"Just getting the win is awesome after losing the last two," Fiers said. "We definitely need to get back on the winning side of things and go from there. Personally, obviously it was a great outing with a lot of strikeouts, but the biggest thing was getting the win."
The victory was all the more important for the Brewers as they head to Los Angeles to face the Dodgers for the second consecutive weekend in a showdown between the leaders of the National League's Central and West Divisions.
"When you're winning games and you're going in to play somebody good -- it's important," Brewers manager Ron Roenicke said. "When you're losing games, for whatever reason, maybe the offense is not swinging the bat, it's hard when you go in and face their pitching."
Fiers will be a spectator in that series after delivering a second straight stirring start in place of an injured Matt Garza. Fiers scattered three hits with one walk and a career high in K's, snapping the Brewers' streak of 286 games without a double-digit strikeout performance. The last to do it before Thursday was Fiers, who struck out 10 Astros on Sept. 30, 2012.
It was only the fourth performance of 14-plus strikeouts in Brewers history, with Fiers matching totals from Moose Haas in 1978 and Yovani Gallardo in 2012. The club record remains property of Ben Sheets, who set down 18 Braves on a sun-splashed afternoon at Miller Park in May 2004.
After a tough season both on and off the field in 2013, Fiers said his confidence has not wavered this year.
"I feel like I've been pitching like this all year," Fiers said. "I kind of got my confidence back from last year, probably in winter ball. Coming into Spring Training, I felt good. I just took off from there. Yeah, I got sent to Triple-A, but it didn't kill my confidence sending me down. I just had to wait for my opportunity and do it now."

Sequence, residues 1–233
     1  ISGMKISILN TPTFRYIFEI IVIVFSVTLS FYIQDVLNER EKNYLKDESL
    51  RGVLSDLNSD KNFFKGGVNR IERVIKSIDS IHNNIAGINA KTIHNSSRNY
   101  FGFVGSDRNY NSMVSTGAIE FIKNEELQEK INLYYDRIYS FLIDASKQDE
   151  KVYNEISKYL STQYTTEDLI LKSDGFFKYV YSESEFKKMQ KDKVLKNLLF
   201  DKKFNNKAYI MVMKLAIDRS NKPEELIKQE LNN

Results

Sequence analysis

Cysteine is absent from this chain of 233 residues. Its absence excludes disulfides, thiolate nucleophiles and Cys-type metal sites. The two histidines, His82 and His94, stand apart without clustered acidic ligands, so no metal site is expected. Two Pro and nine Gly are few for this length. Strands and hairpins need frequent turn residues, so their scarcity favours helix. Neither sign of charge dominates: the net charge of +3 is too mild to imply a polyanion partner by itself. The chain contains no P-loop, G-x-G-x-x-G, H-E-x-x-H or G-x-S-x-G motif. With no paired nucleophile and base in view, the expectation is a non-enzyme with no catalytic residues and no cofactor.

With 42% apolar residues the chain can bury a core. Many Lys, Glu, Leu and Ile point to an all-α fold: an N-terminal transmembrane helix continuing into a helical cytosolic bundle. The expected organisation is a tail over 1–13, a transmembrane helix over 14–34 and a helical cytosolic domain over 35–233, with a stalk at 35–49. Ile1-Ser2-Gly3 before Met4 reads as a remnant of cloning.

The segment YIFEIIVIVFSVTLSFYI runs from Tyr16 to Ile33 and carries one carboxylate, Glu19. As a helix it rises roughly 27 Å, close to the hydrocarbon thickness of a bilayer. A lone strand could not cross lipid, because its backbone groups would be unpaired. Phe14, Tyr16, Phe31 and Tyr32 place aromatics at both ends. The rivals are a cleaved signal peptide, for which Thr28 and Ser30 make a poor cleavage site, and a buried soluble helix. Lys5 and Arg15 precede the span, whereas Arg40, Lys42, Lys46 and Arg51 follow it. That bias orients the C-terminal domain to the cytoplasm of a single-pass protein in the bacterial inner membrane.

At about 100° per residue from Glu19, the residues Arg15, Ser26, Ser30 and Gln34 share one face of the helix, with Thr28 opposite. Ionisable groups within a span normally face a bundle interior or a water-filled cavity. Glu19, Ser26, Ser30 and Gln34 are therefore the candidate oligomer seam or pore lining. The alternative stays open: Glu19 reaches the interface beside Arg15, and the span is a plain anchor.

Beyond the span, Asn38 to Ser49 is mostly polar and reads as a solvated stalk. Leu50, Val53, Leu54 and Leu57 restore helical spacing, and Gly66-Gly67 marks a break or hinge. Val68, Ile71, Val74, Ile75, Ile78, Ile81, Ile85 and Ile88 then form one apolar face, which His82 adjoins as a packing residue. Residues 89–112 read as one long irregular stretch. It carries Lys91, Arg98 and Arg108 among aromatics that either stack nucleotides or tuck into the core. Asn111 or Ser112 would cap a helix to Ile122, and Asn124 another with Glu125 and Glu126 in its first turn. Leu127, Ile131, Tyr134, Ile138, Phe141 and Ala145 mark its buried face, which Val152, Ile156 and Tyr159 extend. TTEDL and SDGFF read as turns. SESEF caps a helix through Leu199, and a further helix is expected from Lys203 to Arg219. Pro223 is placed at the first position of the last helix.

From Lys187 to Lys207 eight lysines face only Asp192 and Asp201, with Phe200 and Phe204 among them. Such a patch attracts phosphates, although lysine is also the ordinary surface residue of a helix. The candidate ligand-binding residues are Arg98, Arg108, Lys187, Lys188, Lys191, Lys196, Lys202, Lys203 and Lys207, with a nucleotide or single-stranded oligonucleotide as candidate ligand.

The only problem with recording 14 of 18 outs via the strikeout was Fiers' sky-high pitch count, which stood at 93 after five innings and prompted early stirring in the Brewers' bullpen. Fiers returned for the sixth and struck out the side for the second straight inning, pushing his final count to 106 pitches, 71 strikes.
By then, the Brewers led comfortably. Though Cubs starter Edwin Jackson shut down Milwaukee with seven scoreless innings in May, the Brewers struck early on Thursday. Scooter Gennett cashed in on a pair of two-out walks issued by Jackson in the first inning by delivering a two-run double that struck the base of the ivy-covered wall in right-center field.
"I think we're more selective," Gennett said of the team's approach against Jackson. "Edwin's got really good stuff, so I think it's important to swing at good pitches and try to be aggressive early. He's the type of guy you don't want to get to two strikes on. I think we did a good job of that today."
Khris Davis followed two innings later with a two-out solo home run to left. It was Davis' 20th home run this season, briefly moving him into a tie with Mark Reynolds for the team lead. Reynolds reclaimed the lead when he belted a solo homer in the eighth inning.
Add Carlos Gomez's RBI single in a two-run fourth inning, that also saw an RBI triple by Elian Herrera, and four of the Brewers' five runs against Jackson (4 2/3 innings, seven hits, five earned runs, three walks, four strikeouts) scored via two-out hits. Reynolds' homer off reliever Kyuji Fujikawa also came with two outs.
With the six-run day, the Brewers eclipsed their run total from the first three games of this series.
"I think the elements hurt us really early," Roenicke said. "We crushed a couple balls. 'Gomey' to lead off the game, and that ball Scooter hit, that's gone out everywhere except for [Wrigley] when the wind's blowing against you. We could've scored a lot of runs, meaning that yes, it was a great offensive day."
The Brewers won Thursday with three of their regulars missing from the starting lineup. Right fielder Ryan Braun, third baseman Aramis Ramirez and shortstop Jean Segura all had the day off.
"It's always good when you need to give somebody a day off and whoever steps in does a good job for you," Roenicke said. "They covered those guys pretty well."